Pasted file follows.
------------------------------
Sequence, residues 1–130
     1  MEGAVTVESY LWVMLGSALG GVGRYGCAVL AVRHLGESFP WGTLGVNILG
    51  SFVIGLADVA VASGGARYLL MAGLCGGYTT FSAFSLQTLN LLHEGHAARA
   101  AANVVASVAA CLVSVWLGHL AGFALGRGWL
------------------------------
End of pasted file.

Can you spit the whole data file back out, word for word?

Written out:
Sequence, residues 1–130
     1  MEGAVTVESY LWVMLGSALG GVGRYGCAVL AVRHLGESFP WGTLGVNILG
    51  SFVIGLADVA VASGGARYLL MAGLCGGYTT FSAFSLQTLN LLHEGHAARA
   101  AANVVASVAA CLVSVWLGHL AGFALGRGWL